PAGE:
The researchers raise concern that the transmission across subgroups into Pakistan’s general population may serve as indication that the virus may be spreading into populations within neighboring Afghanistan. The team’s epidemiological findings were published in July in the journal PLoS One.
The technique used to understand the forces that drive the HIV epidemic in Pakistan could also help health care professionals understand and intervene in other deadly disease outbreaks wherever they occur, researchers say.
“Are the strains in Pakistan and Afghanistan of two different epidemic origins, or are they the same? It’s an important question,” said paper author Marco Salemi, a UF College of Medicine professor and a member of the UF Emerging Pathogens Institute and the UF Genetics Institute. “Genetic evidence can be used to test how different populations are intersecting. As you can imagine, behavioral data is difficult to get in some countries and this is why molecular tools are important.”
Salemi analyzed DNA sequences of blood samples from three HIV-positive groups: intravenous drug users, men who have sex with men, and women who have become infected by their bisexual spouses. By examining the evolutionary makeup of HIV strains, scientists say one of the strongest factors of the disease’s spread is through men who sleep with male intravenous drug users.
The study was led by scientists at Aga Khan University and Dow University of Health Sciences, both in Karachi, Pakistan’s capital, and the team is part of a larger consortium of researchers worldwide who have published in the last year, further documenting the spread of HIV in predominantly Muslim countries. The scientists say they will continue the epidemiological work in Afghanistan.
Deriving information from molecular studies is also essential to complement information that may not necessarily be accurate, or truthful, from in-person interviews.
“These questions are very sensitive and most of the behaviors we deal with, even in countries outside the Middle East, are illegal behaviors,” said Willi McFarland, director of the HIV Epidemiology Section at the San Francisco Department of Public Health.
McFarland is an author of a PLoS One paper that also appeared this summer. That research was led by scientists from the Qatar branch of Weill Cornell Medical College who examined smaller studies from the Middle East and North Africa of men who hid their sexuality out of fear of prosecution.
Despite certain social and legal limitations that may make conducting similar studies difficult in some parts of the world, McFarland says the trust and confidentiality established between physicians and their patients proved crucial in providing the demographic information needed to conduct international studies such as these.
“Despite the legal consequences, the doctor patient-relationship does seem to be respected,” McFarland said.
Marco Salemi | EurekAlert!
GLUT5 fluorescent probe fingerprints cancer cells
20.04.2018 | Michigan Technological University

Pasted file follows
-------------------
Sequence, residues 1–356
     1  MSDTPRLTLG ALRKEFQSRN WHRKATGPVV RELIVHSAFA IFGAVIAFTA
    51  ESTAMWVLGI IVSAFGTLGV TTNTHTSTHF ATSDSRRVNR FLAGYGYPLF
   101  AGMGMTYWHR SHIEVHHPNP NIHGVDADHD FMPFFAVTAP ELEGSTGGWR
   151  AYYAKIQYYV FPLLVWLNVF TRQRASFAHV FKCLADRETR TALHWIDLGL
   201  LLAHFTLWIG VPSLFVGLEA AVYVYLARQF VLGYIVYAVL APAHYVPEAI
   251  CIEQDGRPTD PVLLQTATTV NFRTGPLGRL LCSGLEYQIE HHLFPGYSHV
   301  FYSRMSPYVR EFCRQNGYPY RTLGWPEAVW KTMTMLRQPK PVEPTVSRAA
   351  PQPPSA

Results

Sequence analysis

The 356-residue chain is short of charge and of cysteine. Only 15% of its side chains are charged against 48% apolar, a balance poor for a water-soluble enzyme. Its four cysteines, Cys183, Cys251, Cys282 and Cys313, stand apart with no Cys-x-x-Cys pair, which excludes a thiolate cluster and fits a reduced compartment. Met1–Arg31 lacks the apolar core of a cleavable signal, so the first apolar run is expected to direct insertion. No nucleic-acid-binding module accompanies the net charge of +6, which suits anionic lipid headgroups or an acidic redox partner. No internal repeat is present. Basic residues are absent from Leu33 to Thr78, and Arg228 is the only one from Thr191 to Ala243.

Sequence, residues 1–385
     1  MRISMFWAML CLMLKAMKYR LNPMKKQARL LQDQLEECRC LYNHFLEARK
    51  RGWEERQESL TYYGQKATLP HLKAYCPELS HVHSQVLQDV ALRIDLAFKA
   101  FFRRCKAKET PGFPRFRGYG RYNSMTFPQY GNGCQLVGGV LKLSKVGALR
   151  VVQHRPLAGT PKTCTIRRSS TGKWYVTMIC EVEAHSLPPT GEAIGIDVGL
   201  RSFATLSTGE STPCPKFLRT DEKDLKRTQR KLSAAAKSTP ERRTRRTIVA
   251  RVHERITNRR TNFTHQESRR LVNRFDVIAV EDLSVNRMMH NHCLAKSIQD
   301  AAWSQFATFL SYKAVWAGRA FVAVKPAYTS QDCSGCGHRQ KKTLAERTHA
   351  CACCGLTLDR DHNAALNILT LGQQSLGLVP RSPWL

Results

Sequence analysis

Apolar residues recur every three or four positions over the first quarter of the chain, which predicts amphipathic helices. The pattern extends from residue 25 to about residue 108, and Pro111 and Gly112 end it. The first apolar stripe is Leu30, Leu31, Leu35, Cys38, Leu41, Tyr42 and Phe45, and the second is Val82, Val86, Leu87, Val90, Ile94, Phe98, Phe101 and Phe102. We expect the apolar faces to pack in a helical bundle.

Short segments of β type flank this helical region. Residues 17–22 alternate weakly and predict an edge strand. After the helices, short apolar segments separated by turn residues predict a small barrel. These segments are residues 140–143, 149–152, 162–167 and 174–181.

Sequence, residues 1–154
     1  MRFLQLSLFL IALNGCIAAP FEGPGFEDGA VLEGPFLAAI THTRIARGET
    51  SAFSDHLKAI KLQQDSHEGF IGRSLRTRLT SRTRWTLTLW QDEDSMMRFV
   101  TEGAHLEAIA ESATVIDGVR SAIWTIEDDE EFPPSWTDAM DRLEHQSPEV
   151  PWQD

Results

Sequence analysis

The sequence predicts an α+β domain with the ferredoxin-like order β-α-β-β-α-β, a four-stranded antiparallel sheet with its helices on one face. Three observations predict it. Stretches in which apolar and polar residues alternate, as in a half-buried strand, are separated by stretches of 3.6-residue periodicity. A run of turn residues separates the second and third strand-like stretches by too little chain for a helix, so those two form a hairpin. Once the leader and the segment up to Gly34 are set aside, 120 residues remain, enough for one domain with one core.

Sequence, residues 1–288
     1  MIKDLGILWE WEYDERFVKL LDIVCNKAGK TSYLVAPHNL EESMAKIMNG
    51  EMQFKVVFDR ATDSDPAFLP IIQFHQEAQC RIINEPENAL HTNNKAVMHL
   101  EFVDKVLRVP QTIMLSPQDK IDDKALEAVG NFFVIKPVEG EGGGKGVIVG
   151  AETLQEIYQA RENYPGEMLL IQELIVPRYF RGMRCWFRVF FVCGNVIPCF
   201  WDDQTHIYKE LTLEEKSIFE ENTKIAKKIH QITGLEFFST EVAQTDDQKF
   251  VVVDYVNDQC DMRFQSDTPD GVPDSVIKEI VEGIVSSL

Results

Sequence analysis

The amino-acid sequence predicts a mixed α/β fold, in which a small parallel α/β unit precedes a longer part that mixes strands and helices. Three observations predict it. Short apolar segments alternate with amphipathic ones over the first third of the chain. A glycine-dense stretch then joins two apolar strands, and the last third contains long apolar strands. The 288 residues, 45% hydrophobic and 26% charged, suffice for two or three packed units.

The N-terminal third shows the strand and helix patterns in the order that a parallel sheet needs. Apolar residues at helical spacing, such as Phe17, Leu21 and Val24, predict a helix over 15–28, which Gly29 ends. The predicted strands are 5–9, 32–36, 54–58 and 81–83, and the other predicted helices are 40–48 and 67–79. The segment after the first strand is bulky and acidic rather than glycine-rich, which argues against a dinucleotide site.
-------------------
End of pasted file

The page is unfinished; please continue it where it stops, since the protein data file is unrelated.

Scientists re-create brain neurons to study obesity and personalize treatment
20.04.2018 | Cedars-Sinai Medical Center
University of Connecticut researchers have created a biodegradable composite made of silk fibers that can be used to repair broken load-bearing bones without the complications sometimes presented by other materials.
Repairing major load-bearing bones such as those in the leg can be a long and uncomfortable process.
Study published in the journal ACS Applied Materials & Interfaces is the outcome of an international effort that included teams from Dresden and Berlin in Germany, and the US.
Scientists at the Helmholtz-Zentrum Dresden-Rossendorf (HZDR) together with colleagues from the Helmholtz-Zentrum Berlin (HZB) and the University of Virginia...
Novel highly efficient and brilliant gamma-ray source: Based on model calculations, physicists of the Max PIanck Institute for Nuclear Physics in Heidelberg propose a novel method for an efficient high-brilliance gamma-ray source. A giant collimated gamma-ray pulse is generated from the interaction of a dense ultra-relativistic electron beam with a thin solid conductor. Energetic gamma-rays are copiously produced as the electron beam splits into filaments while propagating across the conductor. The resulting gamma-ray energy and flux enable novel experiments in nuclear and fundamental physics.
The typical wavelength of light interacting with an object of the microcosm scales with the size of this object. For atoms, this ranges from visible light to...
Stable joint cartilage can be produced from adult stem cells originating from bone marrow. This is made possible by inducing specific molecular processes occurring during embryonic cartilage formation, as researchers from the University and University Hospital of Basel report in the scientific journal PNAS.
Certain mesenchymal stem/stromal cells from the bone marrow of adults are considered extremely promising for skeletal tissue regeneration. These adult stem...
In the fight against cancer, scientists are developing new drugs to hit tumor cells at so far unused weak points. Such a “sore spot” is the protein complex...
13.04.2018 | Event News
12.04.2018 | Event News
09.04.2018 | Event News
20.04.2018 | Physics and Astronomy
20.04.2018 | Interdisciplinary Research
20.04.2018 | Physics and Astronomy